Chapter 3. Resource annotations

To annotate a resource usually means to enhance it with various types of (linguistic) information [McEnery/Wilson 2001, page 32]. This is done by attaching some kind of information to parts of the resource and/or introduce relations between those parts which can again be annotated with information. Thereby the annotated information is always an interpretation of the data with respect to a particular understanding.

Annotating a resource can be done manually by one or more annotators, automatically by a tool or semi-automatically e.g. by manually correcting automatic annotations. The annotated information can be represented in terms of atomic or hierarchical tags, complete feature structures or simple feature value pairs. The whole annotation document is stored or visualized in a specific representation format.

The rules by which information is attributed to parts of the resource are captured in an annotation scheme, specifying e.g. guidelines, which should be used to inform and control the work of human annotators or correctors. [Schiller et al. 1999] for example specifies guidelines for annotating parts-of-speech. They also provide a finite set of category abbreviations, thus composing a tagset (the Stuttgart-Tübingen tagset for part-of-speech tagging, STTS). Other tagsets for part-of-speech and syntax annotation are utilized in the Penn Treebank (PTB) project, see for example [Santorini 1990] and [Bies et al. 1995].

Linguistic annotation schemes reflect linguistic theories or are tailored with respect to the investigation of a specific phenomenon. They are an essential part of the documentation which accompanies an annotated resource.

However, it is important to distinguish between the concepts of guidelines, tagsets and representation formats. While tagsets often evolve when elaborating the annotation guidelines and the tags tend to be abbreviations for the decisions made, they could definitely be replaced by other abbreviations, i.e., there could be more than one tagset part of an annotation scheme, e.g. tagsets differing in granularity. Some tagsets can be understood as taxonomies. In the abbreviations applied in STTS the letters of the tag denote more general information on the left and more specific information on the right: VVFIN is a main verb (VV) which is finite (FIN), VAFIN is a finite auxiliary verb. This structure can be helpful when queries are conducted via regular expressions.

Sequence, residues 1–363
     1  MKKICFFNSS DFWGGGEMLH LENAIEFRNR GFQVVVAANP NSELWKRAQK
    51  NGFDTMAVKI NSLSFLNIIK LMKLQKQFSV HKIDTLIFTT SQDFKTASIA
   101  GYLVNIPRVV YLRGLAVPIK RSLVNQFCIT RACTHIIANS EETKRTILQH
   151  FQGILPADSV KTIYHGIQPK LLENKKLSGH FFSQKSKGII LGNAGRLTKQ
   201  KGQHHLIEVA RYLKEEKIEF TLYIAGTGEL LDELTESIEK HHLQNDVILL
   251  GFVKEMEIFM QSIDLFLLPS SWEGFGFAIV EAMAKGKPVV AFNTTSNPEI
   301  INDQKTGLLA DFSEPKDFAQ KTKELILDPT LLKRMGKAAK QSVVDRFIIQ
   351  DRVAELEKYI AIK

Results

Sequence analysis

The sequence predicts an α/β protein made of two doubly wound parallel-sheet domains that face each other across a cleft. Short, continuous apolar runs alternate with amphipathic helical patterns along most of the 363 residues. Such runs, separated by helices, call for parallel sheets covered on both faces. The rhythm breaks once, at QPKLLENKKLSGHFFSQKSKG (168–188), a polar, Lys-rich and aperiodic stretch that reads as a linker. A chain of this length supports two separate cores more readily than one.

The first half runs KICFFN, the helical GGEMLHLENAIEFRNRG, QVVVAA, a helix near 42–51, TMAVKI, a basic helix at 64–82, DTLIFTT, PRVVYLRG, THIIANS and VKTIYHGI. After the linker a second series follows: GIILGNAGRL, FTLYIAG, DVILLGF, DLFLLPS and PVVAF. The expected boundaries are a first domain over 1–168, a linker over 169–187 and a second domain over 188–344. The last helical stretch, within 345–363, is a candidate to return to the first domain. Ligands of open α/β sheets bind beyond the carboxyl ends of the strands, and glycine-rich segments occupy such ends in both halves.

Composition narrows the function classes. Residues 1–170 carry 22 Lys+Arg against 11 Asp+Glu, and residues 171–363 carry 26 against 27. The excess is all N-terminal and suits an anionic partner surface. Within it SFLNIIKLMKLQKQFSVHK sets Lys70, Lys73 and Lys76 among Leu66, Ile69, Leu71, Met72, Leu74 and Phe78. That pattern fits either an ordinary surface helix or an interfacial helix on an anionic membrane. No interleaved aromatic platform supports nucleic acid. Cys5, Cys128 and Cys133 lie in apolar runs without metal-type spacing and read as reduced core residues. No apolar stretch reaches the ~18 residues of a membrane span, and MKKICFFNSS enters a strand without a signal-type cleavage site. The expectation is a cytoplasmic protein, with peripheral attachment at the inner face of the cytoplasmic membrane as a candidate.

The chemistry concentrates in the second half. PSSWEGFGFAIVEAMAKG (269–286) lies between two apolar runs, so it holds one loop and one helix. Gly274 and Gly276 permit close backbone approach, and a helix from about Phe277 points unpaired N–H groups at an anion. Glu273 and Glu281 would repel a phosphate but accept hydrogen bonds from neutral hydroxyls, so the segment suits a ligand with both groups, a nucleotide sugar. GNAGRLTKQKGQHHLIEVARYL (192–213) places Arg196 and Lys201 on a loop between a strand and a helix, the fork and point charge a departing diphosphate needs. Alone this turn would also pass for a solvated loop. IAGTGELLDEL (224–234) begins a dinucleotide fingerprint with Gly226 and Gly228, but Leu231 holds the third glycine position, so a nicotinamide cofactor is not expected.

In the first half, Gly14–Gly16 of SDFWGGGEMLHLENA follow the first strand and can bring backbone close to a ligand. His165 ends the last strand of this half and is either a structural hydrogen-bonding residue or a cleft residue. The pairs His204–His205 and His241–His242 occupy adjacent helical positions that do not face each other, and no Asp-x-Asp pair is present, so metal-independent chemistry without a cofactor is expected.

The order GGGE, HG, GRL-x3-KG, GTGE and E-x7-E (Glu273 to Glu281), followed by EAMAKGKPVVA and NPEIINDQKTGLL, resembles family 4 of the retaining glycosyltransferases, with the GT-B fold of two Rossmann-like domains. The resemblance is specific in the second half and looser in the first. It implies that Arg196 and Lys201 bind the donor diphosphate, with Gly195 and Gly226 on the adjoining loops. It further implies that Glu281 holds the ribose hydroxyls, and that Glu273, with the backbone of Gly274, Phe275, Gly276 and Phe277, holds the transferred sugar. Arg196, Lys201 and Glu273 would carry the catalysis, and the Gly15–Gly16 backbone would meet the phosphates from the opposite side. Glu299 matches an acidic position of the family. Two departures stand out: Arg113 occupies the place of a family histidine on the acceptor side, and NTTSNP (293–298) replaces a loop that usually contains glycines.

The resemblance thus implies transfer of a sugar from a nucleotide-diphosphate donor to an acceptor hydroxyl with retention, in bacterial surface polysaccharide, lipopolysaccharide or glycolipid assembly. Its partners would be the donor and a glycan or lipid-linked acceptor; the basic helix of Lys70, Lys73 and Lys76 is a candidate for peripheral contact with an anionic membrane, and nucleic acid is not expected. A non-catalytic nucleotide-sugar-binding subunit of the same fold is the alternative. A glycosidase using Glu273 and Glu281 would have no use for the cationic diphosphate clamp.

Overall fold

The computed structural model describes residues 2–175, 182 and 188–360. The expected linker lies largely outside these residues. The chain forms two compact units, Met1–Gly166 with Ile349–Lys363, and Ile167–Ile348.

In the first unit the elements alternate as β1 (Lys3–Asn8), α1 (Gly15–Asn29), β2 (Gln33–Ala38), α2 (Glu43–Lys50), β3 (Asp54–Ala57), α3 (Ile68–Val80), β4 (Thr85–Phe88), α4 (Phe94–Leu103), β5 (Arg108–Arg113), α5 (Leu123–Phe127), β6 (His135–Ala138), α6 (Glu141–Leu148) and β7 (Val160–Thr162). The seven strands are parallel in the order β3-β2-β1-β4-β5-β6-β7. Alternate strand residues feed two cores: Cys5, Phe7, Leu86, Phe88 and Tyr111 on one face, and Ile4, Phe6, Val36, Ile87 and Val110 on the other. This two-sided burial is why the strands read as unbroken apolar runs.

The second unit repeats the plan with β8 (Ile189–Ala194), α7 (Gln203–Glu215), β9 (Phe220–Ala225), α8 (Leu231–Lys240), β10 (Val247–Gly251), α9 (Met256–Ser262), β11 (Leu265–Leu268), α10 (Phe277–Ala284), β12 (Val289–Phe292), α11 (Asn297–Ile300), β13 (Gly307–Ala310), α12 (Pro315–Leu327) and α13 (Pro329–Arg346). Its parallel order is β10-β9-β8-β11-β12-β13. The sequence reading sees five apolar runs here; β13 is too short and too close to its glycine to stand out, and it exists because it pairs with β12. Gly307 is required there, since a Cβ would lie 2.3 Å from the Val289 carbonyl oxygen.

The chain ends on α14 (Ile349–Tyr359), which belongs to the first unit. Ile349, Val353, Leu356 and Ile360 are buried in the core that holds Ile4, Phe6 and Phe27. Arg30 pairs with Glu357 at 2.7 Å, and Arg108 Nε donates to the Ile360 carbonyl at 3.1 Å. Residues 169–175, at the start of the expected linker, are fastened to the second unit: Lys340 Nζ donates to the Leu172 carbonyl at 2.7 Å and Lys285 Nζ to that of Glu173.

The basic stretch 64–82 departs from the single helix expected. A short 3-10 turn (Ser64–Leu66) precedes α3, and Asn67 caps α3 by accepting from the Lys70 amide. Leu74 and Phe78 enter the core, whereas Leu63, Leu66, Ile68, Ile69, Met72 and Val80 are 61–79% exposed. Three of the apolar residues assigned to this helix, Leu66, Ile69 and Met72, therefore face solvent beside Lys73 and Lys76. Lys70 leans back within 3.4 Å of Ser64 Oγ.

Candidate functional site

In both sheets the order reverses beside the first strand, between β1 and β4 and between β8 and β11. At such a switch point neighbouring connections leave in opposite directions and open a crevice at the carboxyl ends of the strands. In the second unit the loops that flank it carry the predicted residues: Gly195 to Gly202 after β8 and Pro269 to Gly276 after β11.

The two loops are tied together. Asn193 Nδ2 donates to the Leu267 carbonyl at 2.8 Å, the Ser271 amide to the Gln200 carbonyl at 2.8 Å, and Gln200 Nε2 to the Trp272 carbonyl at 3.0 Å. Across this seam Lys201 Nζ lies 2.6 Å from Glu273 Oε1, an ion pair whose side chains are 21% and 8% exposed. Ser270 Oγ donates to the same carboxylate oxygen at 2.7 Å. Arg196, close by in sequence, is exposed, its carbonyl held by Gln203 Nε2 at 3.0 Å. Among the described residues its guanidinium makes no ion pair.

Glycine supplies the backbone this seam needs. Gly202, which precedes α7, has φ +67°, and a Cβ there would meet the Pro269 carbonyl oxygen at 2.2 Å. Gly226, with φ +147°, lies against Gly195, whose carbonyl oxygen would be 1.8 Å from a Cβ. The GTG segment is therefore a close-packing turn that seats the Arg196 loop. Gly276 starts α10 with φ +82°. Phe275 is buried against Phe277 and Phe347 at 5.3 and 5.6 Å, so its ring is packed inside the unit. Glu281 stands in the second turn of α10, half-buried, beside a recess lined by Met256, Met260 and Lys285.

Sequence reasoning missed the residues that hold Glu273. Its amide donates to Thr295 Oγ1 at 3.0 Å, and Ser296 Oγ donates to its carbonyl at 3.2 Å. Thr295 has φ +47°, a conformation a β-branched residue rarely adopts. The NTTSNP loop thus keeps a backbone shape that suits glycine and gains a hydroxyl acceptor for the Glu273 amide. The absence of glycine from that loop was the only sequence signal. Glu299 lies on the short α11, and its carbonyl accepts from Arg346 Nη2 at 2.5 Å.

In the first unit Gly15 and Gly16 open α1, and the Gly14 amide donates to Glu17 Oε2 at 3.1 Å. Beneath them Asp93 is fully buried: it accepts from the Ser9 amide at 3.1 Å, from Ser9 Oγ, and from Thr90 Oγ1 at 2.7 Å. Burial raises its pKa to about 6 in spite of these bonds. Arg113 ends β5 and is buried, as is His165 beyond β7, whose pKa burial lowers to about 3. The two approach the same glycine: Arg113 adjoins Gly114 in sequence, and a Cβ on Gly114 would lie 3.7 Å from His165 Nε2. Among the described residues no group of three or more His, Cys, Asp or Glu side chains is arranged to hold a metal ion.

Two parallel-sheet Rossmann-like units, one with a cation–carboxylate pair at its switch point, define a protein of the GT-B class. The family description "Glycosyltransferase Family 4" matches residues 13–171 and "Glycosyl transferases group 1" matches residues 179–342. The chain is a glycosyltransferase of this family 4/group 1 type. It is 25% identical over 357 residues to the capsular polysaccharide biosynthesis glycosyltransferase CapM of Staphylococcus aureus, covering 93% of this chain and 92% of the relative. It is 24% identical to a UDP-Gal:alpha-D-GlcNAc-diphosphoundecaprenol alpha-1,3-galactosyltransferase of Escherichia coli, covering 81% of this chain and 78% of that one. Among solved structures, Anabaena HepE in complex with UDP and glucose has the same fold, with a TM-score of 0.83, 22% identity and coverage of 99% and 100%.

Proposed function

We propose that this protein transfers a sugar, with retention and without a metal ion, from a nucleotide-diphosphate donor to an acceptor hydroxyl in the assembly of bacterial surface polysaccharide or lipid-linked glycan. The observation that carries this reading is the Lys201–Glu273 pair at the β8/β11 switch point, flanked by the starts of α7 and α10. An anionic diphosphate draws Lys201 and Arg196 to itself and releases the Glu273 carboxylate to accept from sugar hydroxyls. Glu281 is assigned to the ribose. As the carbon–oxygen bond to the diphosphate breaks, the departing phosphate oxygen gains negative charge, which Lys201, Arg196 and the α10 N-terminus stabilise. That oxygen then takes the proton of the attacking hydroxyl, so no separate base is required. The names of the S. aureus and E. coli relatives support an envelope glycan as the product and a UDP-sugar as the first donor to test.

Some annotations cannot make use of a predefined tagset, such as when annotating synonyms. The representation format again is distinct from the concepts of the guidelines and tagsets. It specifies how the annotation content is represented. One has to be aware that on the one hand annotations with the same content can be represented in very different ways and that on the other hand using the same representation format, i.e., an XML format like TIGER XML for two annotations does not mean that the annotation content of the two is the same, or even similar.

Lastly, as stated by [McEnery/Wilson 2001, page 33] and [Leech 1993] one has to be aware, that any act of annotating a resource is also an act of interpretation, either of its structure or of its content. Therefore an annotation is never universal consensus. Moreover it has to be taken into account that the process of annotating is also likely to introduce errors, see Chapter 5, Quality assurance .